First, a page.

|These details defined Mon Jan 5 20:02:52 2015||edit|
|Author:||Ní Ghruagáin, Bríd|
|Title:||Guidelines on the pronunciation of Irish in Twentieth and Twenty-first Century Classical Song|
|Degree, institution:||MA, Dublin Institute of Technology|
|Status, year:||accepted, 2013 (September 2013)|
|Volumes, pp.:||2 (82pp) + 2 CDs|
|Supervisor(s):||Dr Marian Deasy|
|Repository:||DIT Conservatory of Music & Drama Library|
|General specialism:||Musicology: Performance Studies|
|Content, key terms:|
This dissertation centres on a study of the correct pronunciation of the Irish language in classical song. It is shown that very few Irish classical singers are performing in Irish today and it can be assumed that their lack of fmailiarity with the language may be the biggest obstacle.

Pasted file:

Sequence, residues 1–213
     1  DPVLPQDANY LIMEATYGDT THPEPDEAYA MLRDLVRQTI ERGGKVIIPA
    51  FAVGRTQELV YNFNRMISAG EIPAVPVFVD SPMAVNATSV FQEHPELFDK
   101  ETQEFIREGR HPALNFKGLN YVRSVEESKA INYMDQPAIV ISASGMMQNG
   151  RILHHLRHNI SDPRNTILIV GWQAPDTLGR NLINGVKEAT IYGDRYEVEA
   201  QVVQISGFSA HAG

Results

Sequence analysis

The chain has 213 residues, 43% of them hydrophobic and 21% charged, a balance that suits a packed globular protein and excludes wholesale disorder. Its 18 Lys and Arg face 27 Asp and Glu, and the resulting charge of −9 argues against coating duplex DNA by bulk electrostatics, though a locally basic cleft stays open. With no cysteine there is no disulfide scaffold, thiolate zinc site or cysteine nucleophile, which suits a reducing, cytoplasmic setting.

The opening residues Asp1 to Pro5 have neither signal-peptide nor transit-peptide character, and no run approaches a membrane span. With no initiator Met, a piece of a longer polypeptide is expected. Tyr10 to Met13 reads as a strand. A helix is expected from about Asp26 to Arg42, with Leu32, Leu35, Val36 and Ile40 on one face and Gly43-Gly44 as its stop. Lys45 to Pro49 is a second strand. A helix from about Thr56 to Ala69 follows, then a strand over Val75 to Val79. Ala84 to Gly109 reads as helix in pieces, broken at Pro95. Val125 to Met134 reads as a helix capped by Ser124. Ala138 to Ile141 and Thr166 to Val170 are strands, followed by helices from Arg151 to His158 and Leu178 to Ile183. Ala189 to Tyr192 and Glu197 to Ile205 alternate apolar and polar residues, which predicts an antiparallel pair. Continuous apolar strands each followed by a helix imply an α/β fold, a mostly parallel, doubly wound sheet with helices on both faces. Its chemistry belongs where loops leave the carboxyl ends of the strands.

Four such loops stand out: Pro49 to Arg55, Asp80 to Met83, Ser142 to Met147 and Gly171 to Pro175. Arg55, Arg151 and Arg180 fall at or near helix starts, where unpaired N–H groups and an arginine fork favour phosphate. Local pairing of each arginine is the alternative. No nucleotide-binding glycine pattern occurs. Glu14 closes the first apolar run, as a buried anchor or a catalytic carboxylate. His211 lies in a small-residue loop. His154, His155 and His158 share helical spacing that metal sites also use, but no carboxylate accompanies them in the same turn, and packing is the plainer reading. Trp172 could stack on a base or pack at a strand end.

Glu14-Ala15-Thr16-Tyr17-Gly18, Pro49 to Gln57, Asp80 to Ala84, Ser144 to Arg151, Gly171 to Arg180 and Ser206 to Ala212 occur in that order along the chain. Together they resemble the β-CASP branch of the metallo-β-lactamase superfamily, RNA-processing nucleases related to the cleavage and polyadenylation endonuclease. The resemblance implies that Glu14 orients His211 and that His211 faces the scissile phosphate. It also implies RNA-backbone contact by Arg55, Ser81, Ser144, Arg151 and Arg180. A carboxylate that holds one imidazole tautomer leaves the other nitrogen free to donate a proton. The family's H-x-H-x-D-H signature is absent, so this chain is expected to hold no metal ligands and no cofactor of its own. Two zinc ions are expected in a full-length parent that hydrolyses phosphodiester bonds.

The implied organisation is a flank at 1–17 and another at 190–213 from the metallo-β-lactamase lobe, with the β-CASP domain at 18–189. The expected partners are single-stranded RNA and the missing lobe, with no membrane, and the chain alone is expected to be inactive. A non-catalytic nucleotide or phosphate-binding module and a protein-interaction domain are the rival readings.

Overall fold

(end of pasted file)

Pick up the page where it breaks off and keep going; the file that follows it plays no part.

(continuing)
The importance of the International Phonetic Alphabet (IPA) as an invaluable tool for singers approaching material in new languages is illustrated. The main differences in pronunciation between the three main dilects of Irish are highlighted and the Irish alphabet is transcribed giving the relevant IPA symbols and comparative sounds in languages familiar to most singers.
Putting this transcription into practice, songs are chosen from the Appendices and translations and IPA transcriptions are provided, with these texts read aloud on a CD accompanying this study. A newly composed song cycle by Colm Ó Foghlú 'Idir Scáth is Solas' is also translated and transcribed with notes on the importance of performance in the correct dialect supporting and illustrating earlier points. The cycle is read, and sung, on the accompanying CD.
Conversations with composers working through Irish underline the need to undertake such a study and provide the opportunity to test its findings in the field in the future.